She still looked nervous, and again I thought of the image of creeping up on that skittish colt, alert for anything that might spook her.

I tried to make her smile. "I've taught a lot of thick people. You have no idea."

Still no reaction.

"I mean people who were so thick I wanted to chew my own arm off rather than spend another minute in the same room as them. For the life of me I don't know why I thought that would have helped, I would have just been a one-armed teacher in a room of thick people, but..."

A glimmer of a smile at that.

"... you are not even close to being like them. You are smart, Isobel, you read fast, you get things quickly, and believe me - the first few pages every time I pick up a DH Lawrence or a Shakespeare or a Marlowe or even a Jane Austen... it's like... well, it's like the first few minutes of going running, isn't it?"

She was relaxing slightly.

"You're thinking, oh god, why did I go for a run, it's so horrible, I can't do this, I'm going to die, why do I do this to myself, I should just go home and eat cake and biscuits and... and... and..."

I was running out of inspiration.

"Trifle?" she suggested. "Doughnuts? Lemon Meringue Pie?"

I gazed at her. "God, I love Lemon Meringue Pie!"

"Me too! But... I never feel like that when I go running. So I'm not sure it's a good..." She was struggling for the word. "... analogy?"

"What... you just start running and it's fine?"

She nodded.

"God, you're so lucky," I said.

"Or maybe you're just unfit and bad at running," she said, smiling quite broadly now. She was really very pretty when she smiled, I noticed.

"I guess that could come into it."

We looked at each other, pleased with having amused ourselves, and I had the sensation again of having made it through another line of her defences. There were still some -- perhaps many -- to go. But it was progress.

The rest of the lesson was spent mainly with me telling her a bit about DH Lawrence's life and the history of his novels. She listened quietly, occasionally asking questions, particularly about his most notorious work.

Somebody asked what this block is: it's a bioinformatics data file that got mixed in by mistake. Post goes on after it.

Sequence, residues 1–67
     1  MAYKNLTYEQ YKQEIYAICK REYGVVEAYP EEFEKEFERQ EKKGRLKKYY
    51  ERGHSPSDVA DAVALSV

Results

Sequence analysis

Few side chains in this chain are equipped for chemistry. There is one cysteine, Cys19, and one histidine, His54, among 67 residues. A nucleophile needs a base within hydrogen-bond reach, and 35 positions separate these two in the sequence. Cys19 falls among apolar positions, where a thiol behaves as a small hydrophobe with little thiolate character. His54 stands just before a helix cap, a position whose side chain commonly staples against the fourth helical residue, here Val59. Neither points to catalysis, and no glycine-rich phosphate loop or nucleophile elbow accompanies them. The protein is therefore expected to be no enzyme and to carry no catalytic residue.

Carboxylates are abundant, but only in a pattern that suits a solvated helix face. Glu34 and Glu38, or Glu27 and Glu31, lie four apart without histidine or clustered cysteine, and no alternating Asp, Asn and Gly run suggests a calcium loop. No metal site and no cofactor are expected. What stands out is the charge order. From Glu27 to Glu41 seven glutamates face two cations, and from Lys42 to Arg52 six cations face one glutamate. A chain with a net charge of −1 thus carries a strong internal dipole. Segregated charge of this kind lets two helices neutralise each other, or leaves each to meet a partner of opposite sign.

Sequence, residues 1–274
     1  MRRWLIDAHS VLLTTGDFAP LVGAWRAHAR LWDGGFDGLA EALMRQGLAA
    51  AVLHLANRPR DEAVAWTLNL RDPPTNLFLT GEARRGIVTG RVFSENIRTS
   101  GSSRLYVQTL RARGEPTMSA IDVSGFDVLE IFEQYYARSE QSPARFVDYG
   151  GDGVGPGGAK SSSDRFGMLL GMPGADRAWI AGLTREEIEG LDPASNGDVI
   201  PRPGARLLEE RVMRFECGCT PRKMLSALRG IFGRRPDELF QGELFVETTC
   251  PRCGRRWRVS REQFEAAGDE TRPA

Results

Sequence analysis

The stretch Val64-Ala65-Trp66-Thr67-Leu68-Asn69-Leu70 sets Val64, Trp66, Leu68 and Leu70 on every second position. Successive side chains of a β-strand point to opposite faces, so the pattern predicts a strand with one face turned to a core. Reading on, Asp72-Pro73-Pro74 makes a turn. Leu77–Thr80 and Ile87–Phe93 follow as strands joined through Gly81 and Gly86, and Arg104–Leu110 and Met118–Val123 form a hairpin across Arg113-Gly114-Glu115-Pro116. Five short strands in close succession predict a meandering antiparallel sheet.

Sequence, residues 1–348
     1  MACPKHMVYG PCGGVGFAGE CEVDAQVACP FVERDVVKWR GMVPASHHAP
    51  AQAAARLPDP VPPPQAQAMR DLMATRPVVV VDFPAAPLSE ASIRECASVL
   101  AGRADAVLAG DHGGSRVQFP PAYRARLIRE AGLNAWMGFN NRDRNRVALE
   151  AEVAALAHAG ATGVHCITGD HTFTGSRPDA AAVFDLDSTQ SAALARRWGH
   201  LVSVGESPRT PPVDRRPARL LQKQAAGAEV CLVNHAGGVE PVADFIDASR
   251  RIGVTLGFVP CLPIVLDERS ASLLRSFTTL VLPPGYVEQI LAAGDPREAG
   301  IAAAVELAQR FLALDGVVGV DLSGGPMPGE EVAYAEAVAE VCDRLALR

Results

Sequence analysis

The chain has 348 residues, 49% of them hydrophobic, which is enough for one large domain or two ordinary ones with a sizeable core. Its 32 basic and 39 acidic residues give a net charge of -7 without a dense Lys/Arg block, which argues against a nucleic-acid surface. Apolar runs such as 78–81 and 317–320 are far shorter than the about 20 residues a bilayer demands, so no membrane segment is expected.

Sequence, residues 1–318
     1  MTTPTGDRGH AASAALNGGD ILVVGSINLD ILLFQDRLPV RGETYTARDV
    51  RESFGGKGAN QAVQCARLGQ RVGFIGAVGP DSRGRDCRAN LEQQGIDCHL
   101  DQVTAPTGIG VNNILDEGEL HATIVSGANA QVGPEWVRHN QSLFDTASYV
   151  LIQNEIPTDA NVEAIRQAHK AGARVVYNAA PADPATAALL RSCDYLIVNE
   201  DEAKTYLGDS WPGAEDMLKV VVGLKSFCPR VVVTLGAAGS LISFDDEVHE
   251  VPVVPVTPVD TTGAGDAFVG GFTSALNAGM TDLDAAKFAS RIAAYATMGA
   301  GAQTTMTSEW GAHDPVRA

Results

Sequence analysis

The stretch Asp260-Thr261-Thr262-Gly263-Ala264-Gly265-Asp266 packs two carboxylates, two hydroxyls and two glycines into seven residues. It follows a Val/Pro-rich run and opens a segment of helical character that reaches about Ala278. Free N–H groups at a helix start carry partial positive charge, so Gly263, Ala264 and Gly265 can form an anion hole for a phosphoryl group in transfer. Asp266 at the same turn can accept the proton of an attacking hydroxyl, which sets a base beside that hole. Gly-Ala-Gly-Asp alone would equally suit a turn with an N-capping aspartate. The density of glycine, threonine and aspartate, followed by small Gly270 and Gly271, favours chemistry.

"Is Lady Chatterley's Lover really that filthy?" she asked.

"It's a bit more extreme than some of his earlier works, yes. It was shocking for the time. But now... with the Internet and twenty-four-hour porn catering for every taste...I don't think it would even raise an eyebrow for most people."

"Do you think it's good?"

"I don't think it's as good as some of his others. But it's... OK. Middle rank, I would say."

"Should I read it?"

"Only if you want to," I said.

She thought about it. "What about some of the other books I'm supposed to read? We should get on to them, shouldn't we? You know... the Shakespeare and the poetry."

"All in good time," I said. "But I tell you what. Let's read one poem from the Larkin collection, and chat about it a little."

She pouted. Then a gleam came into her eye.

"OK," she said. "But we'll talk about it while we're running."


"I want to go for a run. And you can tell me all about the poem as we go around the park."

"But... I haven't got my kit with me."

"You can borrow some of my dad's trainers. He never uses them. I don't know why he even has some. His feet are about the same size as yours. And I've got some spare shorts that are way too baggy for me."
Quite why she'd checked out the size of my feet would be a question for another day, I decided.

I hesitated.

"You worried I'll go too fast for you?"

"No. I'm worried I might actually die if I try and run and talk at the same time."

"Aww. I'll go slow, I promise. Come on."

And so I found myself jogging around the park with her, wearing her father's trainers, some rather snug fitting shorts in a quite eye-catching purple, and the t shirt I'd been wearing underneath my sweater. Isobel was wearing black leggings that left little to the imagination and a cropped white top that revealed an enviably flat midriff below a pair of small but undeniably perky breasts. Men's eyes followed her as we ran past, I noticed.

"So," she said, just as conversationally as if we'd been back in the house. "Tell me about Larkin. I mean, I just didn't get any of his poems at all. They were so... I don't know... gloomy and weird."

"He was a disappointed man," I wheezed.

"What was he disappointed about?"

"He... he thought... most of us spent our lives waiting for something to arrive that... never does."

"Like what?"

"Money. Happiness... Sex."

"His poems are about sex?"

"Some of them."

"So... he didn't think he got enough sex, and he wrote poems about it?"

"Um... well, not just sex... but he.... He did write a lot about how love and sex were a... sort of illusion. We kid ourselves that.... that they're going to be amazing.... and usually they're not."

"I wish I'd known that," she said. "His poems sound a bit more interesting now."

I didn't answer, focusing instead of trying to maximise my intake of oxygen.

"So do you think love -- and sex -- are disappointing?"

"I think we should... keep the discussion about... Larkin."

She flashed me a glance. "I don't think DH Lawrence found sex disappointing."

"No," I agreed. "He definitely thought it was... well... pretty central to everything, really."

"So actually... they're kind of like... two extremes?" She seemed genuinely taken with the idea.

"You could certainly make... that argument... sure."

She looked at me again, an irritated glance this time. "But is it RIGHT? That they're extremes? Opposites?"

I held up a hand. "I need to walk for a bit... sorry."